Lingas Around the World
The incredible thing is that there are lingas all around the world. In Africa there are terracotta lingas used for occult purposes. In Greece there is a temple with a linga known as the “Navel of the Earth.” This is purely manipuraka. It was definitely done by Indian yogis. Someone consecrated the linga for manipuraka, probably because the local king or chieftain wanted victory, prosperity and well-being. So they created an instrument towards that purpose. As most temples were funded by kings, they were mostly manipuraka in nature, but a few kings who looked beyond those things wanted anahata lingas – also called atma lingas. Usually, these atma lingas are for love and devotion, for ultimate dissolution. Anahata is a very malleable kind of state, accessible to most people. There are occult lingas which are muladhara lingas, very base, gross and powerful, used for occult purposes. Those types of lingas you can find in certain parts of Assam and Karnataka also. There are secret temples, usually very small and powerful in their occult capabilities, but generally most lingas are manipuraka.
The Energy Body of the Highest Being
Right now, most of the lingas in the country represent one or two chakras at the most. Generally only one, because the linga is made powerful and intense with one chakra for a particular purpose and is consecrated by mantras. The Dhyanalinga, which is empowered with all the seven chakras, was consecrated by prana pratishtha. Holding all the seven chakras together was the greatest challenge. If I had wanted to create seven separate lingas for seven chakras, that would have been so much easier, but the impact would not have been the same. The Dhyanalinga is like having the energy body of the most evolved being sitting there, or you could say, the highest being, referred to as Shiva, his energy body.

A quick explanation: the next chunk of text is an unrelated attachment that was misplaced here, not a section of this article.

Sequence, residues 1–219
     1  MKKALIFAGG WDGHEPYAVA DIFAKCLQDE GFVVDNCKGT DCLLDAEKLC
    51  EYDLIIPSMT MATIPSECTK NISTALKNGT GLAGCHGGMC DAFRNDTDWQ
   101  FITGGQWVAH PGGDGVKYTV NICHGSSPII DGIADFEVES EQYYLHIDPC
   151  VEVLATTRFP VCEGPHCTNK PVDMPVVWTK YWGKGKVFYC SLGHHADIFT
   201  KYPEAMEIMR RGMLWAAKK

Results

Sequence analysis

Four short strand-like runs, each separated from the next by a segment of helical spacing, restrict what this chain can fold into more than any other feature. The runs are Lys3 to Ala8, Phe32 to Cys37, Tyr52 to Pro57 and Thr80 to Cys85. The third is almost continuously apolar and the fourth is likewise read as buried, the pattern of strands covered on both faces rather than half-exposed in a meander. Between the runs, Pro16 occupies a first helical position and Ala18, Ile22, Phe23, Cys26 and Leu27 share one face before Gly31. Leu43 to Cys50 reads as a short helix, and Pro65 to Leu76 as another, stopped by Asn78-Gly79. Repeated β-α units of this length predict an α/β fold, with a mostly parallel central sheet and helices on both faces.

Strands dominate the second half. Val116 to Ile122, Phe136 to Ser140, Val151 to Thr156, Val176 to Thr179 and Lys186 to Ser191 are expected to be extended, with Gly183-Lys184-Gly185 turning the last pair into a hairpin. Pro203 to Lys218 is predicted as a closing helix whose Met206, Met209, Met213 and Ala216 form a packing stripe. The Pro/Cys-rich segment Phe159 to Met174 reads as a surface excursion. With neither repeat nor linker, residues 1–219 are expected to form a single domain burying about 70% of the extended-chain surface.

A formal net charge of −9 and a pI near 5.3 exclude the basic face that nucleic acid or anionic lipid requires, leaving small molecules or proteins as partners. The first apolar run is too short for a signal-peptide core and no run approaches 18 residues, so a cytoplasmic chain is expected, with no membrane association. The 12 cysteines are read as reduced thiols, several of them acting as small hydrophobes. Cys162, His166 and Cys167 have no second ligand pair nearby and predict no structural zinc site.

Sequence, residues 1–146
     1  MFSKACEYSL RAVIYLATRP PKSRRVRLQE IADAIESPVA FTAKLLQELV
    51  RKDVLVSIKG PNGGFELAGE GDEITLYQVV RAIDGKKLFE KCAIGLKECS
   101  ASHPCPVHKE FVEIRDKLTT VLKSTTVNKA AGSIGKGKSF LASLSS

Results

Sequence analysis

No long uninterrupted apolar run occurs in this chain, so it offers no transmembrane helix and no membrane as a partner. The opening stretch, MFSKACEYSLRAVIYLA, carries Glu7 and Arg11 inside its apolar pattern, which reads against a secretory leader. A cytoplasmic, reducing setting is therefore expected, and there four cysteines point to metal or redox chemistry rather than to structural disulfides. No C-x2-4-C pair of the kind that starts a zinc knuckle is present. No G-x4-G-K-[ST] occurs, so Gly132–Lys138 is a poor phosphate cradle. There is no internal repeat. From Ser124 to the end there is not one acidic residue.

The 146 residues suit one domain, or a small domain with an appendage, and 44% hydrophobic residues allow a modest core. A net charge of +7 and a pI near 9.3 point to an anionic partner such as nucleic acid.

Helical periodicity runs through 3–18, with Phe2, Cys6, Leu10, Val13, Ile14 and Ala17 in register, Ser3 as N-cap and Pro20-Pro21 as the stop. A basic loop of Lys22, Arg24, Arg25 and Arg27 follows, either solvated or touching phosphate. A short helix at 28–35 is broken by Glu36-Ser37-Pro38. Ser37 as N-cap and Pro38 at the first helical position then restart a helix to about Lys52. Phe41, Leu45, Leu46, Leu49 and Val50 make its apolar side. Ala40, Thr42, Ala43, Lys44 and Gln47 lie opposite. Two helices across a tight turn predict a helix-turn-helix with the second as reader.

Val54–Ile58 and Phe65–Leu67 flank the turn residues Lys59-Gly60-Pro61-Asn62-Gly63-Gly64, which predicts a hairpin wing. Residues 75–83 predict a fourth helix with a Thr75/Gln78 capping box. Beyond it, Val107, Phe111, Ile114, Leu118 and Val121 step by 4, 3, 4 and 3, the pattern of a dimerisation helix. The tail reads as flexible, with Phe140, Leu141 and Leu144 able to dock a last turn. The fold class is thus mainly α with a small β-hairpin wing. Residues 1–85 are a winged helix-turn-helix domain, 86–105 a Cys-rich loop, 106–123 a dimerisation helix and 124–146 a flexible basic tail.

Another thing is, probably for the first time anywhere in the world, the Dhyanalinga is cared for by both men and women. Nobody has allowed women to do this kind of work before, but today, fourteen days in a lunar month – towards the full moon – women take care of the Dhyanalinga. The next fourteen days – towards the new moon – men take care of it. I think that is a big gift for the society to be able to go beyond these traditions.
If one wants to do spiritual sadhana, he can have the intimacy of sitting with a Guru, a live Master. That is the purpose with which the Dhyanalinga has been created. So people come, sit for a moment and go, that is fine, but those who want to do sadhana can have that kind of intimacy with that energy which is not normally available for people. It is very rare for people to have such an opportunity.
Editor’s Note: You are invited to be part of a life transforming process during which Sadhguru will consecrate a unique linga that will be installed with the 112-foot statue of Adiyogi on Mahashivratri, February 24, 2017. Find details here.
“Mystic’s Musings” includes more of Sadhguru’s insights on Dhyanalinga and the science of linga-making. Read the free sample or purchase the ebook.